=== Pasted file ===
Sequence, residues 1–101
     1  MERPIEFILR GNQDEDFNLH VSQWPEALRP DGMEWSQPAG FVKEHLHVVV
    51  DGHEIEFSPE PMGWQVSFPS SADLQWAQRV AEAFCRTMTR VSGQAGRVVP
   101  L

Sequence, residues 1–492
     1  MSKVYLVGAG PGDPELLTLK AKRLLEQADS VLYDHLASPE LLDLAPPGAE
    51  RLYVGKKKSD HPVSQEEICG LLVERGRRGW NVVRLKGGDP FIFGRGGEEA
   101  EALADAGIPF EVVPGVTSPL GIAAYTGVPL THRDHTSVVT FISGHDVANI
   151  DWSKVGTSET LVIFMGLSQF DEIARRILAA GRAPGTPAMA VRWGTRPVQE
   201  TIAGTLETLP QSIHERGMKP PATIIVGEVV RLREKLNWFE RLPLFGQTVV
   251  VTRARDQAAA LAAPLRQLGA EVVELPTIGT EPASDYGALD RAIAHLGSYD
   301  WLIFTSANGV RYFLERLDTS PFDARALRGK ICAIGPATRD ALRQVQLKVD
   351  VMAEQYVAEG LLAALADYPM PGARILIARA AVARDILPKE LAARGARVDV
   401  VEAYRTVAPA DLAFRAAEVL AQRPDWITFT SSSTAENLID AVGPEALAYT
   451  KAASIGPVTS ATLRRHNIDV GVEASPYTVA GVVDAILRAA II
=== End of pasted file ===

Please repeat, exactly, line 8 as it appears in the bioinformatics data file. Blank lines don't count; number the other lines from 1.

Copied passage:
   101  EALADAGIPF EVVPGVTSPL GIAAYTGVPL THRDHTSVVT FISGHDVANI